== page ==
Canal Requirements, Seepage and Sloping

A canal reach or canal is defined as a continuous section of canal bounded by control structures and contains one or more inflow and/or outflow points. A canal network is a system of canals served by one or more outlets of a storage area or reservoir, composed of a single canal reach or a complicated system of canal reaches.

To estimate surface water requirements for a canal network, the following information is required for each canal reach in the canal network.

Total head drop of water surface, HDC -- remains constant throughout the simulation

Average width of each canal reach in the network, WIDTH Desired minimum stage (level) CRMIN [ft NGVD] -- set to -9.5 (the critical minimum level) if canal not maintained

Canal-aquifer conductivity coefficient, CHHC [ft/day/ft-head] -- needed for calculating groundwater interaction

Index for upstream canal reach discharging into canal reach of interest, IFF Number of downstream outflows simulated for water supply, NBRANCH -- <= outflows in canal

For routing water from a storage area through the canal system to meet water requirements, the following information is needed for each canal reach.

and for each canal network, the following branch information is needed for the algorithm

Using this information the algorithm calculates the total volume of water required to maintain any number of canal reaches with a canal network by starting at the most downstream canal reach of a canal network and following its tributaries when the canal branches. The maximum levels of recursion the model simulates is two levels of receiving (downstream) canals or tributary for each canal reach or tributory. The SFWMM allows rivers to define slopes and exact distance to 3 points (downstream or upstream). SFWMM represents through the ordering and it provides an option to enter slope.

To estimate the surface water requirements for a canal reach, the mass balance approach is used. The volume of water needed to maintain a canal reach at a desired minimum level, VOLj, is simulated by:

where j is the index of the canal of interest (the jth canal input in the canal definition file), CSTGj is the simulated downstream stage in canal j at the beginning of the time step., SEEPi is seepage (the canal-groundwater interaction), and OVLNFi is the canal-surface water interaction at the ith grid cell. A negative value for VOLj represents the excess water available in canal j that can be used to meet the needs downstream. To calculate the seepage, SEEPi :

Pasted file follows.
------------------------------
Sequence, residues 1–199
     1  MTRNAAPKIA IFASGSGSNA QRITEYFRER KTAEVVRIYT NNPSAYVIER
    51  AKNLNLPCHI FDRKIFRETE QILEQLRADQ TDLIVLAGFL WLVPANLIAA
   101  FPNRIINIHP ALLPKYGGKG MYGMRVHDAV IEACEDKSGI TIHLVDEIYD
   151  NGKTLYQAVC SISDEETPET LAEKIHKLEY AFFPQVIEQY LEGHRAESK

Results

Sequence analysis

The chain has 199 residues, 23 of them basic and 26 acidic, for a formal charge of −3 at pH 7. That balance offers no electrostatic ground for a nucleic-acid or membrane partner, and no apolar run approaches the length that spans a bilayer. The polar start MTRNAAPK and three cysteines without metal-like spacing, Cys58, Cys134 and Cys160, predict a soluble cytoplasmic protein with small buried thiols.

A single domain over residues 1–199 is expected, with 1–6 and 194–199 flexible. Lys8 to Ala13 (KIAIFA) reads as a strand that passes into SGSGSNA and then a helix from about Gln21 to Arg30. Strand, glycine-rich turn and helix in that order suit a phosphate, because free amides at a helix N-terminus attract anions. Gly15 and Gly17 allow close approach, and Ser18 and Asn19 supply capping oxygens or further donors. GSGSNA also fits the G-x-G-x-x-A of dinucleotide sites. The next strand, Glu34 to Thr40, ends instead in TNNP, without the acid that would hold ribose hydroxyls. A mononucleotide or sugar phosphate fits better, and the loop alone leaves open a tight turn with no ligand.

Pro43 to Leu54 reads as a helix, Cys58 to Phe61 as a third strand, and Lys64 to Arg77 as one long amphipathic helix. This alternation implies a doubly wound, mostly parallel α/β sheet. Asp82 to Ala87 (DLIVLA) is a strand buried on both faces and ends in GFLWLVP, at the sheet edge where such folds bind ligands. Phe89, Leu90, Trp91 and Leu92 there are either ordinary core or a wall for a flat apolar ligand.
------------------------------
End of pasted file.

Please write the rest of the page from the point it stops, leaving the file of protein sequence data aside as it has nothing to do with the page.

and to calculate overland flow, OVLNFi :


The total volume of water required for water supply through any structure within a canal network, DQUj, where j equals the canal number immediately downstream of the structure is the sum of:

that is, the sum of the volume of the water required to maintain the canal reach immediately downstreeam of the structure (VOLj ), and the total volume of water required for all canal reaches downstream of canal j. When VOLj is negative, the volume of available water in the canal of interest meets or exceeds the downstreamm surface water needs, therefore no water is required through the structure upstream of canal j. The total water supply requirement for the structure is then set to zero.

To estimate the surface water requirements for a canal network the needs at the farthest downstream reach that is maintained in the main branch of the canal network is calculated. The farthest downstream reach is the last reach to receive water and the first to drop below and the first to drop below it desire minimum level when there is not sufficient amount of water available to meet demand. Starting with this reach the requirements upstream along the main branch are accumulated until one of the following occurs:

Condition 1 The canal of interest (canal j) branches into at least one tributary whose water level(s) has (have) to be maintained. The number of tributaries equals NBRANCHj-1; or

Condition 2 The branch terminates with the canal of interest. For the main branch this implies IFFj refers to a canal reach immediately upstream of the branch of interest. If the total needs for an entire canal network has been determined without occurrence of Condition 1, then the canal network either has no tributaries or none of the canal reaches in the tributaries need to be maintained.

If Condition 1 occurs (NBRANCHj > 1), the water requirements, VOLj, for the canal reach of interest are determined. and then from the next most downstream canal reach being maintained (stops if canal = 0), the needs along this tributary are accumulated. Initially, the number of occurrences of Condition 1 before Condition 2 corresponds to the number of levels beyond the main branch.

When Condition 2 occurs add the total needs for the tributary, DQUiupsc, where inpsc is the canal number of the most upstream reach, plus the volume of water required to maintain canal immediately upstream of iupsc,VOLj. Then, continuing to the remaining canal reaches in the main branch of the canal network, determine the total needs for each of the remaining tributaries. Condition 2 occurs when the needs for all the canal reaches in the branch of interest have been determined. The total number of branches in a canal network corresponds to the number of occurrences of Condition 2.

Each time Condition 1 occurs before Condition 2, accumulate the needs along the tributary in thenext level, beginning with the most downstream canal reach maintained. The number of occurrences corresponds to the number of levels beyond the level at which Condition 2 last occurred.

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